PA Outlaws Child Marriage

Government of Mohammad Shtayyeh raises the minimum age of consent to 18

By DIMA ABUMARIA/ THE MEDIA LINE
November 5, 2019 03:15
4 minute read.
PA Outlaws Child Marriage

Newly married Tala Soboh, 14, and her 15-year-old husband Ahmed walk on the beach two days after their marriage in the town of Beit Lahiya, in the northern Gaza Strip September 26, 2013. The newlyweds live in the family's three-room home, sharing it with nine relatives. Ahmed works with his father a. (photo credit: REUTERS)

Palestinian Authority Prime Minister Mohammad Shtayyeh’s government has passed a law setting the minimum age for matrimony at 18 for both genders in an effort to reduce rates of early marriage.


“The new law is meant to protect Palestinian families and ensure the advancement of Palestinian women,” the government stated when it announced the coming law on July 27.
Exceptional cases will be determined by the chief justice. 


According to statistics published by the Women’s Affairs Center in Gaza City, 37 percent of married Palestinian females wed when they were under the age of 18, including 5% who married before the age of 15. Sixty-three percent of young married women suffer violence at the hands of their husband, and 95% will not recommend early marriage for their daughters.


Child marriage is thought to contribute to the high rate of divorce in the Palestinian territories.


“This law came to put an end to the phenomenon of early marriage in Palestinian society and give females a chance to exercise their right to education. It’s an important law that will positively reflect on Palestinian society,” Ahmad Majdalani, the PA’s social affairs minister, told The Media Line. 


Majdalani stressed that females have the right to fully live their childhood and utilize their youth to mature physically and psychologically.


“Females are not ready or able to start a family when they themselves are very young,” he said, adding that both genders need space.


Until now, the minimum age for marriage in the West Bank has been 15 for females and 16 for males, while in the Gaza Strip it has been 17 for females and 18 for males. Judges had the power to decide otherwise in certain cases, for example if the girl was mature and her father approved.


Palestinian women, speaking to The Media Line, expressed hope and joy over the new law, although some remained critical of certain aspects. 


“At 18, girls are still very young to get married, in my opinion,” Cathren, 27, said, although she added that it was still much better than the previous minimum age.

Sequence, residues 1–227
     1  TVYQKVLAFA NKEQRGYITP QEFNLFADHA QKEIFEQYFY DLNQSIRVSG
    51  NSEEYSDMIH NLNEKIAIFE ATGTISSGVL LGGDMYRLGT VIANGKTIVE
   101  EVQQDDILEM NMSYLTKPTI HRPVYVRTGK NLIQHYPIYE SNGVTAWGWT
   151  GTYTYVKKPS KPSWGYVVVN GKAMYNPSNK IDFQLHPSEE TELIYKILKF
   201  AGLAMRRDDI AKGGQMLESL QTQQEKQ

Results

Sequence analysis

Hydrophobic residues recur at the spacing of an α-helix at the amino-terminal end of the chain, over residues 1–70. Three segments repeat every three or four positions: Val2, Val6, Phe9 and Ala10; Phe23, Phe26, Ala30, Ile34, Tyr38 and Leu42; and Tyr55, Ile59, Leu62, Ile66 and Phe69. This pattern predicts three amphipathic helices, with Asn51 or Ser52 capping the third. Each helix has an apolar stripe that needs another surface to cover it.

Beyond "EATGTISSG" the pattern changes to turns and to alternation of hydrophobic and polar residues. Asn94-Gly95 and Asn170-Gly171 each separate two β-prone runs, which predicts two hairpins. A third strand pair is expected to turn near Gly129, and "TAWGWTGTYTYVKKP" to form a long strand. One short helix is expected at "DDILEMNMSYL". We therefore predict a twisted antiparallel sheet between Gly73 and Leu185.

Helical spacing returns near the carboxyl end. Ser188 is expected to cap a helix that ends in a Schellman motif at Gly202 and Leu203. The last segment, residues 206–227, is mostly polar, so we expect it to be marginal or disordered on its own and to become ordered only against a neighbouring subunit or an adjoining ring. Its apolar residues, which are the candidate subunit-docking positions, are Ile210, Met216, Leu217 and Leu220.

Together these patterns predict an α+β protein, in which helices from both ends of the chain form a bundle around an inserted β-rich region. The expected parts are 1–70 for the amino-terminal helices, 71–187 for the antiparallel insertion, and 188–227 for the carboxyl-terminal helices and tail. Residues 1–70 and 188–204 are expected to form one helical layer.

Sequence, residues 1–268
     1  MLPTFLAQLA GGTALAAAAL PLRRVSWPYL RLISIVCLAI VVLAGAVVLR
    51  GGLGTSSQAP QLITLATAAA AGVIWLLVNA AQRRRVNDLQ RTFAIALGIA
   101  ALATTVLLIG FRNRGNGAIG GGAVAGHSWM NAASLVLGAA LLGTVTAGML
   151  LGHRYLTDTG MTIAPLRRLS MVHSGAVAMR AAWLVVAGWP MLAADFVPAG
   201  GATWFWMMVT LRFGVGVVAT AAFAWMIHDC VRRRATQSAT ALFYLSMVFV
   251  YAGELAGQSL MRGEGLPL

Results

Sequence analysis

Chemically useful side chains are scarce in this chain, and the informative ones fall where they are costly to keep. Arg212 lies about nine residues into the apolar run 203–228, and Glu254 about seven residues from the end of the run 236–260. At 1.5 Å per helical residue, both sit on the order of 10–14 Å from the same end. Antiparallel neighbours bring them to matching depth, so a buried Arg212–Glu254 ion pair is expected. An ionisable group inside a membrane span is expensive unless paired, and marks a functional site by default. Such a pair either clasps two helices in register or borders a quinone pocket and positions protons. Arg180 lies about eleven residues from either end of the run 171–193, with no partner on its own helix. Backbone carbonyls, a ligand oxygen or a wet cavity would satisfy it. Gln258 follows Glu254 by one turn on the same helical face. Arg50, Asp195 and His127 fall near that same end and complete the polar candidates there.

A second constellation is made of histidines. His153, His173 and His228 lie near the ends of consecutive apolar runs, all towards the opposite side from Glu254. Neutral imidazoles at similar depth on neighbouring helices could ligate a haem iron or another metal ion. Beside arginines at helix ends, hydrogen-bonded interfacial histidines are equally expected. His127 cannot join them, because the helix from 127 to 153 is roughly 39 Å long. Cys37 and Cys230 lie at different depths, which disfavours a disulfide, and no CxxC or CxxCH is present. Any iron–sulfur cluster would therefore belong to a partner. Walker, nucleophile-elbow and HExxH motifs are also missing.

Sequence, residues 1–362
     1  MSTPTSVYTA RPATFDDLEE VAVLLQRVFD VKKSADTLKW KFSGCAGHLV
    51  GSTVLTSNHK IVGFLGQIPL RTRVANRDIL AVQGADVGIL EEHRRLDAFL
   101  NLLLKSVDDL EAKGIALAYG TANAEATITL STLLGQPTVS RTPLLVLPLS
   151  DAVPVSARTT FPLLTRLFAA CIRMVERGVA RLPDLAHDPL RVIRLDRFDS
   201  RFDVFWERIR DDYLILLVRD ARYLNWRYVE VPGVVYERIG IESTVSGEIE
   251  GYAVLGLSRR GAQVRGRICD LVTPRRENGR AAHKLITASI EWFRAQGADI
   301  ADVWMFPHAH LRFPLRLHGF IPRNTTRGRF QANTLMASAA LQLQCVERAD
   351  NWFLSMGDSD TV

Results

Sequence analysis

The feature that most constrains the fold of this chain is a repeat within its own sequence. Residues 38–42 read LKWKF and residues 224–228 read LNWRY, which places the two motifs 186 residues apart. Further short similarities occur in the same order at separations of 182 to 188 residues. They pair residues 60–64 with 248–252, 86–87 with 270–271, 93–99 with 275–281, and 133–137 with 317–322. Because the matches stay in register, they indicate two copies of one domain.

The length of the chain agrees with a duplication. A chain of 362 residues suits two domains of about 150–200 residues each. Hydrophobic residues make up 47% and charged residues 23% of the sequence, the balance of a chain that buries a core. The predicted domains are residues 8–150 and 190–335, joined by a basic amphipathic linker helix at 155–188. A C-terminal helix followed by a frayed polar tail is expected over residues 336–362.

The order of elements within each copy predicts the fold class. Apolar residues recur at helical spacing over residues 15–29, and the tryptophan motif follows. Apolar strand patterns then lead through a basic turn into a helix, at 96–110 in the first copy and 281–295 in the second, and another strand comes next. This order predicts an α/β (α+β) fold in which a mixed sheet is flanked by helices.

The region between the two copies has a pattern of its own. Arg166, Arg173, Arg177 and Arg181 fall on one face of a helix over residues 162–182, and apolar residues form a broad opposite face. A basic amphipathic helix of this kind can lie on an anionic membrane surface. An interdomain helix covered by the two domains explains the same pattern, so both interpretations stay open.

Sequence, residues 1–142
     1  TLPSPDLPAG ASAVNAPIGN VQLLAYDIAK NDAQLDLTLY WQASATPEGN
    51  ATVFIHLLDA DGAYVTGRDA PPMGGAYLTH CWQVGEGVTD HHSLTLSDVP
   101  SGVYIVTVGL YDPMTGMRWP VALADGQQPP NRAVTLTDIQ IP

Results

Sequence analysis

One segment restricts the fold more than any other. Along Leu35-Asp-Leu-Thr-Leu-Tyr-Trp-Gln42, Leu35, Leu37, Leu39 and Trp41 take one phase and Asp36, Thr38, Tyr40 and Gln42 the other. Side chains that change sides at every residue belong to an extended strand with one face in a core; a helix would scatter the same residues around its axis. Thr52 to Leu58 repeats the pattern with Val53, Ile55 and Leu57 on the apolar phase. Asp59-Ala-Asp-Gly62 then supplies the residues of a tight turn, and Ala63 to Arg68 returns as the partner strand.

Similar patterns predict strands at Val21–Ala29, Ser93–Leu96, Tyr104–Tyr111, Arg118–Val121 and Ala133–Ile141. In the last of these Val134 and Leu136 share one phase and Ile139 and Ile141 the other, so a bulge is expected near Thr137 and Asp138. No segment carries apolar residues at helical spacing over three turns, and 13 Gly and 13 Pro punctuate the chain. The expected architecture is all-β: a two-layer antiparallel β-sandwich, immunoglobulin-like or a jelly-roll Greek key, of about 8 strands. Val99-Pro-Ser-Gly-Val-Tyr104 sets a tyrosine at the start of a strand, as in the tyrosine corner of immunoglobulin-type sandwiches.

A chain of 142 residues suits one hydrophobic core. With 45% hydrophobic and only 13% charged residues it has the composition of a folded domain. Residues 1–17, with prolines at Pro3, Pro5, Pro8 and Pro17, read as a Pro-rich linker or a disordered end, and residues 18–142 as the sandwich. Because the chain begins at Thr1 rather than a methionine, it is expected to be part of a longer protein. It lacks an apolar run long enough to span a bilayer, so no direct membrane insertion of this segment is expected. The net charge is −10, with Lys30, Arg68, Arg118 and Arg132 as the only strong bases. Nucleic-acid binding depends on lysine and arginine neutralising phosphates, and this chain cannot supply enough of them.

“I think the age is fine as long as another clause is included stating that females must give full consent to the marriage,” she said.


Rola, 52, told The Media Line that at the age of 18, females are not mature enough to wed. Besides, it is a time for them to learn about life from experience.


“I prefer that both genders wait to get married at least until after they graduate from college,” she said. “They need to define their priorities and figure out who they are before making such a lifetime decision.”


Hanadi, 56, believes that raising the minimum age is in the best interest of females both health-wise and socially.


“Nowadays, girls are different than we were in the past; they aren’t ready for marriage biologically,” she elaborated. “I got married when I was 17, but the times were different. I was ready to be a wife, mother and student at the same time. However, not all females [today] have the capacity to do that.”


Still, Hanadi believes that 18 is not too young.


“It’s appropriate. The [minimum] age of marriage shouldn’t be raised more than that so as to avoid rebellion,” she said, explaining that the current young generation is very worldly thanks to the internet.


According to the Palestinian Central Bureau of Statistics, 67% of women who divorced in the Palestinian territories in 2018 were aged 18 to 29, versus 55% for men.


Dina Azouni, a young Palestinian activist, feels the new law is a great improvement although the main focus should be on whether or not there is genuine consent by the female.


“The dangerous cases are when women are forced to get married because their family wants money,” Azouni told The Media Line. “Setting the legal age at 18 is a step forward, but this doesn’t eliminate the problem of forced marriages in our country.”


Each week, thousands of Palestinian women and girls gather in the West Bank and elsewhere, demanding an end to physical, psychological, sexual and economic violence against women, and seeking a family protection law. As a result of the demonstrations, the PA’s Women’s Affairs Ministry said the government would enact a family protection law by the end of this year.


As for the new law on the age of consent, one women believes it came 25 years too late.


“It should have been one of the first laws passed by the Palestinian Authority,” Nahed Abu Tomeh, a West Bank activist, told The Media Line.


“The Palestinian government [at the time] had no real political will to make the decision as it wanted to avoid confrontations with those who were against the determination of an age for marriage,” she claimed.


Abu Tomeh added that the PA now had no choice in the matter, pointing out that it signed the CEDAW (Convention on the Elimination of All Forms of Discrimination Against Women) Protocol in 2014. The protocol, adopted by the United Nations General Assembly in 1979, calls on countries to eliminate all forms of discrimination against women.


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